• Calvin Dodge

    This doesn’t bode well for astronauts in FLOP-G. I think they would experience higher levels of radiation, since they won’t have the Moon blocking cosmic radiation on one side.

  • Marcus

    I’ve always wanted to see an analysis comparing human to robotic exploration under the assumption that they are given the same budget. As far as I can tell, human exploration isn’t possible at the budgets we are currently allocating to robotic exploration. Also, we never really consider what we could do with robots if given the same budget required for human exploration (I guess I mean I haven’t seen that). It’s just not clear to me which would win. For fun, I’m going to speculate that for the moon it might be close, but for Mars, robots would win hands down.

    I also agree that robots shouldn’t be allowed to have all the fun, and robots can never be a substitute for human settlement. :)

  • Max

    These readings are interesting because it could be used as a baseline during solar minimum.
    The minimum exposure they can expect.
    But what if the astronauts are exposed to a proton storm during an active phase of the sun?
    A solar explosion the equivalent of 100 billion hydrogen bombs. In 2005,
    “The Jan. 20 proton storm was by some measures the biggest since 1989. It was particularly rich in high-speed protons packing more than 100 million electron volts (100 MeV) of energy. Such protons can burrow through 11 centimeters of water. A thin-skinned spacesuit would have offered little resistance”
    https://www.nasa.gov/mission_pages/stereo/news/stereo_astronauts.html

    “Inside earths magnetic field, the astronauts on the ISS received about one rem of radiation, equal to one series of x-ray at the doctors office.”

    “On the moon, an astronaut protected by no more than a space suit would have absorbed about 50 rem of ionizing radiation. That’s enough to cause radiation sickness. “But it would not have been fatal,” he adds.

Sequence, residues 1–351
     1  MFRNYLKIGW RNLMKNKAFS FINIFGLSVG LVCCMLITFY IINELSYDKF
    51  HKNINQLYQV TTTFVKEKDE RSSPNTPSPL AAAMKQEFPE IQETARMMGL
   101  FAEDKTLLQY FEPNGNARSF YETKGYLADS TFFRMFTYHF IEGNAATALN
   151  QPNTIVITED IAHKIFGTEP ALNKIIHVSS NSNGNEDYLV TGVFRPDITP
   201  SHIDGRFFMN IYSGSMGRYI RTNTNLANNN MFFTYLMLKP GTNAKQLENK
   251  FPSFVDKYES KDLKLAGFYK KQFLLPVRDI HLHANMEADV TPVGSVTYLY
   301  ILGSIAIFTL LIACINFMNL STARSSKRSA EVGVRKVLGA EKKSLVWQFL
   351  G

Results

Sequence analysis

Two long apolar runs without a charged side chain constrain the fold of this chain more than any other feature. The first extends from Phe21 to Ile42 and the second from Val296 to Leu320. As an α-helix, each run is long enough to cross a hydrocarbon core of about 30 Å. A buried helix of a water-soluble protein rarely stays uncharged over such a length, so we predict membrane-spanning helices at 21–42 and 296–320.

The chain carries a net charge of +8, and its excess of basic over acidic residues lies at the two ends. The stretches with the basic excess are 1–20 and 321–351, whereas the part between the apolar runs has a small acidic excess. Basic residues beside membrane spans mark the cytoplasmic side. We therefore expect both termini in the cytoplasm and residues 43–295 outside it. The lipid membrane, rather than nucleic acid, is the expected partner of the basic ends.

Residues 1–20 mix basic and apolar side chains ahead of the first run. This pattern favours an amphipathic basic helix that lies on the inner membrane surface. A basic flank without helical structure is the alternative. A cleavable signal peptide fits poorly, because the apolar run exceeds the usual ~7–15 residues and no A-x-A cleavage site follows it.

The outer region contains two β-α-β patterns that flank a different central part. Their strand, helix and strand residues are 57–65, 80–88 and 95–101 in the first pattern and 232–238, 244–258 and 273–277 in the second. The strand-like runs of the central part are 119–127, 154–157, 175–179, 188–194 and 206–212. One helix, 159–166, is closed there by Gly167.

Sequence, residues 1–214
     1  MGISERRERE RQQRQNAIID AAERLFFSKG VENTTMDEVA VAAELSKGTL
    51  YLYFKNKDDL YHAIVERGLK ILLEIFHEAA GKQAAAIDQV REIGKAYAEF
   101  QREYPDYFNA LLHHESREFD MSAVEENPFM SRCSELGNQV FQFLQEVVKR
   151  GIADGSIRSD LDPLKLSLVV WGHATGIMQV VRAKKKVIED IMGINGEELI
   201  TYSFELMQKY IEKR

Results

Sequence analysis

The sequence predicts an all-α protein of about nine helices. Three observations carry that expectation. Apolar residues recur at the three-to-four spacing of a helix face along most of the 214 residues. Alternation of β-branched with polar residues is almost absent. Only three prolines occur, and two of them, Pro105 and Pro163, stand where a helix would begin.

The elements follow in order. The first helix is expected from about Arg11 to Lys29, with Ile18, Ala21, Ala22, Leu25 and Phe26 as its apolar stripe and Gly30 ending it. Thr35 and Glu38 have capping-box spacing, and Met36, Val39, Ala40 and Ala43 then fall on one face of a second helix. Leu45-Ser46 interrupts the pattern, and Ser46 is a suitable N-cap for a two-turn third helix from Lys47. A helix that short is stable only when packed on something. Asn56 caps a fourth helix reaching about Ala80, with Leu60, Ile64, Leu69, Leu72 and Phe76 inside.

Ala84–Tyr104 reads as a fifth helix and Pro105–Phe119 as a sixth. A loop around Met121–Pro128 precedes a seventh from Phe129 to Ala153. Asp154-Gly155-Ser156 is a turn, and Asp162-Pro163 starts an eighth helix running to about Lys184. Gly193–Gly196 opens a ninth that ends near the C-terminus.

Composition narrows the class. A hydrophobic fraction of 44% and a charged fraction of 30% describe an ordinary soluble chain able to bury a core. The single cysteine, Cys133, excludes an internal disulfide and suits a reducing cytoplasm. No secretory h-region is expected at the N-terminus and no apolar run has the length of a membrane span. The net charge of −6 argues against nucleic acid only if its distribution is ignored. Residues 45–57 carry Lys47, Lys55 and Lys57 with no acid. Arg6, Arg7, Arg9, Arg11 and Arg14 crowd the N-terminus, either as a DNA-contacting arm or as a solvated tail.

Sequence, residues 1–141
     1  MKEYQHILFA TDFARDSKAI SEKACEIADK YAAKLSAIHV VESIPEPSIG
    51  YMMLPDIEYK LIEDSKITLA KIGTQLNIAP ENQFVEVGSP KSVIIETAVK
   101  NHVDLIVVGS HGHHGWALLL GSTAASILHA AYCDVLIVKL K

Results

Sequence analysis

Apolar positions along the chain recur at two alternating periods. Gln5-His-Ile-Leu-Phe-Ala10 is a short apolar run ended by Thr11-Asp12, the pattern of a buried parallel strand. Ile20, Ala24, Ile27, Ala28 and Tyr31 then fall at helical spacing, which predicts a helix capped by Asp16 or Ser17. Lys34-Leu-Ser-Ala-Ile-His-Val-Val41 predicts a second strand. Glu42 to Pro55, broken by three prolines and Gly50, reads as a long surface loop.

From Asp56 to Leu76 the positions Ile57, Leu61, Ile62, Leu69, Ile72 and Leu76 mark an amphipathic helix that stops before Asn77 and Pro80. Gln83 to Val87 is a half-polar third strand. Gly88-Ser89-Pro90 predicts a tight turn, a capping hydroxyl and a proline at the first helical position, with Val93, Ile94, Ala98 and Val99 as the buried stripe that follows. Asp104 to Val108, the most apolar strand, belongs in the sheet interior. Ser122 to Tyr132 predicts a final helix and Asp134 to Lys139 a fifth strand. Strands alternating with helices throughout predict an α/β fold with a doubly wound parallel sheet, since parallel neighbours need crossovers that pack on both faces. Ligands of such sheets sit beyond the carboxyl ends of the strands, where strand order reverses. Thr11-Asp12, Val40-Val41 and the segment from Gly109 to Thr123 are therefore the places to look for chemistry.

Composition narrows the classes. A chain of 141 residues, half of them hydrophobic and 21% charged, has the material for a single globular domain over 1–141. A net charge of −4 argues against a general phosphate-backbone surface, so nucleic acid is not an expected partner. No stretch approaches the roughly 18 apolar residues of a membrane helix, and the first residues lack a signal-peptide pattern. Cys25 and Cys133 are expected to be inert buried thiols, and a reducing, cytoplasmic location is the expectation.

To die, you’d need to suddenly absorb 300 rem or more.”

    I still maintain that the best shielding, is the same that is used around nuclear reactors. Water.
    In space, the mass of spent boosters would offer additional effective shielding in a pinch. An artificial magnetic field triggered buy a surge in radiation is effective also (especially in “extensive exposure” such as a trip to Mars)

    The best shielding is underground… but for the surface, a lunar rover with tinted glass similar to a welding helmet will reduce the radiation considerably and is practical.

  • Steve Richter

    “… I’ve always wanted to see an analysis comparing human to robotic exploration under the assumption that they are given the same budget. …”

    what gets more work done, a human on a rover with space suit, oxygen, food, water, living space, instrument panel, chair – or two remotely controlled rovers, earth mover, 3d printer and power plant? Heck, half the power and space on the rover is needed for the human. And the robot stuff works for years while human can’t stay for very long.

    How is modern manufacturing done if not by machine? Oil and gas exploration is done from cubicles in Houston. Commercial jet liners are automated. Even interstate trucks are soon ready to drive themselves.

    Is China planning to send humans or machines to the moon?